Seating Capacity: 4
Standard Safety Features: airbags; ABS; traction control; electronic brake distribution; LED headlights; and a vehicle stability control system
Standard Equipment (base model): 16-inch tire; cloth seats; manually adjustable front seats; air condition; cruise control; a leather trimmed steering wheel; a remote control; cargo area with tonneau cover; rear split seats; and a rear spoiler
Suspension System: MacPherson Strut with Toyota’s version of a sport-tuned suspension in a subcompact
Standard Audio On Test Vehicle: AM/FM/CD/HD
Bluetooth Connectivity: standard
Bumper-to-Bumper Warranty: 3 years or 36,000 mile warranty
Powertrain Warranty: 3 years or 36,000 mile warranty
Standard Engine/Horsepower: 1.5-liter, 4-cylinder/106-hp
Recommended Fuel: Regular
Standard Fuel Mileage: 30-city/36-hwy
What’s New: The pint sized Yaris wears an expressive new front end just like the Camry. And like the Camry, the subcompact driveability is improved due to a re-tuned suspension system and a more structurally sound body.
Furthermore, the snug subcompact is also outfitted with more premium seats and a new dashboard design, while offering less hard plastic and more soft touch points.
Pros: The Yaris is available in a variety trim levels. There is a stripped-down base model that starts out around $16,300. Thankfully we had the opportunity to review one of the well-equipped, high-end subcompacts (if we can call it that). The Yaris, in our opinion, is the right size for those seeking a fuel-efficient, reliable, easy-to-maneuver and spirited compact, offering roomy front seats.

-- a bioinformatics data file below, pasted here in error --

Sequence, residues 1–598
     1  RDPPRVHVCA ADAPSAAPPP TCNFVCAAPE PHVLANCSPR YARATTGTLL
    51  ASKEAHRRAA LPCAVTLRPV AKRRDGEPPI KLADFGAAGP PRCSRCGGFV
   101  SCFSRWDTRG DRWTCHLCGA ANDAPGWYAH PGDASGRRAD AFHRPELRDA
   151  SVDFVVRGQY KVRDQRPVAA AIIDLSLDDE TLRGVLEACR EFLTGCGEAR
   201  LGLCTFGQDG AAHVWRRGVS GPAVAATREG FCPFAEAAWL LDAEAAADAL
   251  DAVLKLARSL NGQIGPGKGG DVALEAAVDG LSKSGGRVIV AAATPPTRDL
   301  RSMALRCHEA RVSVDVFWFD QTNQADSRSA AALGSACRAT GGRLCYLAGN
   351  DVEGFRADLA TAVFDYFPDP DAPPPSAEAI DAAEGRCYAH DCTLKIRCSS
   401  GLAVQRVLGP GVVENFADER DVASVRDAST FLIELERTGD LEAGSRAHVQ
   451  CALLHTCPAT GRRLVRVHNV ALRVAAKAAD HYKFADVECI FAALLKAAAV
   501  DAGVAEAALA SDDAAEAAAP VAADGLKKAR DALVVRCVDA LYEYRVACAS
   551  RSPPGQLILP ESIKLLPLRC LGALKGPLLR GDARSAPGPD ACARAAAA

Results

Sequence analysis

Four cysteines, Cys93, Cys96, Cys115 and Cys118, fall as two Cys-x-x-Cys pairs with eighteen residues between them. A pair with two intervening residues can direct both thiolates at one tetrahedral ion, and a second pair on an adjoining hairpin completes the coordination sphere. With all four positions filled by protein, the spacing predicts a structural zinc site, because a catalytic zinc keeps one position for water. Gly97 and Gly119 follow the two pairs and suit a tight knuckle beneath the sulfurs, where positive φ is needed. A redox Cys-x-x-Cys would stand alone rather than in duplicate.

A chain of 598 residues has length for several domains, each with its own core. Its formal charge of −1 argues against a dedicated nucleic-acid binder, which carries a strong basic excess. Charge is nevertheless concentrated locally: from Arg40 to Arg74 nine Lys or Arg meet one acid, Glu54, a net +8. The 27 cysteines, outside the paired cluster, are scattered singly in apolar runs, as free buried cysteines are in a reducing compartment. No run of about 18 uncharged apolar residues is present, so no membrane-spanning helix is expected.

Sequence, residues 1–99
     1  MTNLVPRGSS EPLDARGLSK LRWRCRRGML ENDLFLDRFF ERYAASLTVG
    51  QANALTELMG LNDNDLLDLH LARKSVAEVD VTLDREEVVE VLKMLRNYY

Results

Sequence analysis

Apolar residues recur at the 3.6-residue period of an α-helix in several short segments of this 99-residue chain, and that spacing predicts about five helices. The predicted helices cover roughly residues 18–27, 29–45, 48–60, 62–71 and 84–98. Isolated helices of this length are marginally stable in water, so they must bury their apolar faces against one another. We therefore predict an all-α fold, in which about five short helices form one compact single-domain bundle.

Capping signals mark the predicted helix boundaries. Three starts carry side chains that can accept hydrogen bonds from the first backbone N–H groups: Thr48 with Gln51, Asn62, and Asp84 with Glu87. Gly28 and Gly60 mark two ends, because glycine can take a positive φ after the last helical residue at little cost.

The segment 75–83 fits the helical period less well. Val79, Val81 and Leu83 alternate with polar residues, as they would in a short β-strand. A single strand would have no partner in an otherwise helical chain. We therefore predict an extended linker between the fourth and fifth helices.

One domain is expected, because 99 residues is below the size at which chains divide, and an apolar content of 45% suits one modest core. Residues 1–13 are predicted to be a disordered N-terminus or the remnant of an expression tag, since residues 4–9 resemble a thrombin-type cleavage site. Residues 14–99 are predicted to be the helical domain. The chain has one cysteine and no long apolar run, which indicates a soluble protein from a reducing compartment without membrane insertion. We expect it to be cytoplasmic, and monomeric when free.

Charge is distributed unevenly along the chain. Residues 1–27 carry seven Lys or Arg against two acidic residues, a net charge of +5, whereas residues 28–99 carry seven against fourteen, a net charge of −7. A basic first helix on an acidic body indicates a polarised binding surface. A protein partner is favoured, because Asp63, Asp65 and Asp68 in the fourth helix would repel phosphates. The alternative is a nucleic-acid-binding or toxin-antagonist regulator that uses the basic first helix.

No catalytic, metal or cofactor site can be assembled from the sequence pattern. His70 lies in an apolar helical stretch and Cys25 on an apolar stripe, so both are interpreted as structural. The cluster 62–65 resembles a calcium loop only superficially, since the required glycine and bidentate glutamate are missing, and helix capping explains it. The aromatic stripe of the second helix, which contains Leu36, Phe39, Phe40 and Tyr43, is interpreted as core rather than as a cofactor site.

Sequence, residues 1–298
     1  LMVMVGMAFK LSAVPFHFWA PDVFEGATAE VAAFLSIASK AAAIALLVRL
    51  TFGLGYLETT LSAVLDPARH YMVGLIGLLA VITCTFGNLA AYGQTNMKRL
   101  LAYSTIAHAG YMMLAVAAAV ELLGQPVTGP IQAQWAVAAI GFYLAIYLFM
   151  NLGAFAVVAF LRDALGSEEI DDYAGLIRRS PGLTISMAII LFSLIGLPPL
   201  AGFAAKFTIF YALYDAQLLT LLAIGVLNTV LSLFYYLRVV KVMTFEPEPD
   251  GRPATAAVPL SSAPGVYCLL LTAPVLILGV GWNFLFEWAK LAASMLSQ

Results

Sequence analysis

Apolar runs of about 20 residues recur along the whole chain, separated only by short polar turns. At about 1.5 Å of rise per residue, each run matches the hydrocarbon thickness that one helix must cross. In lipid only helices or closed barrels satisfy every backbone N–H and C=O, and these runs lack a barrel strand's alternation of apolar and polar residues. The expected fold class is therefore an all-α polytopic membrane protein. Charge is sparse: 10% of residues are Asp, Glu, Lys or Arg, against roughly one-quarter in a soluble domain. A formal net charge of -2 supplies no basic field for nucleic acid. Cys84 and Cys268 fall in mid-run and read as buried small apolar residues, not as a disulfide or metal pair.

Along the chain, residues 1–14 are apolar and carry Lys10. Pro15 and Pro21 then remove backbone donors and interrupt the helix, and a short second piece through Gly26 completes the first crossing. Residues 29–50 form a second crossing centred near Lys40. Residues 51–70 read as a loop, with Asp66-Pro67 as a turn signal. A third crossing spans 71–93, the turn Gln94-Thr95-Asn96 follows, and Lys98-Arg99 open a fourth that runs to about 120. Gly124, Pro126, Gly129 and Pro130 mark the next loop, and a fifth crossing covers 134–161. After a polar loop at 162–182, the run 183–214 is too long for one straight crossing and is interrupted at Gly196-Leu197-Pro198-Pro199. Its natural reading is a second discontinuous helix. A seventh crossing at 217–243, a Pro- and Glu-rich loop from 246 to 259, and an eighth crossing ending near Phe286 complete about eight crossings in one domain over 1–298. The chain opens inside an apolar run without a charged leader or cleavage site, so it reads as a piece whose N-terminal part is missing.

And although the Yaris barely inks out 100 horses from its tiny engine, it seemed to be quite adequate, while tooling around town and cruising on the expressway. Unlike other subcompacts or the brand’s soon to be defunct and extremely tiny Scion iQ, we felt extremely safe in this vehicle.
Moreover, this is the perfect vehicle for those who aren’t seeking such driver aids as electronic blind spot mirrors, a radar-activated cruise control system, an automatic braking system, an automatic rearview mirror, a push-button keyless ignition system or a back up camera. These advanced safety features aren’t available on the Yaris.
Yes, the Yaris is just basic transportation, with the right features for first time buyers, college students, young adults or city dwellers. Furthermore, seeing that the Yaris lacks many of the high-tech advanced safety driving aids a number of today’s buyers yearn for, this reduces the chance of items breaking on the Yaris.
|The 2014 Yaris|
Verdict: The Yaris proves that great things do still come in a small package. With the spunky, bold grille, the Yaris adds a flair that was lacking from last year’s model. Toyota has managed to find the perfect balance between fuel-efficiency, reliability, features and affordability in the 2015 Yaris without making it feel cheap.
Competition: Chevy Sonic; Ford Fiesta; Hyundai Accent; Nissan Versa Note and Mazda2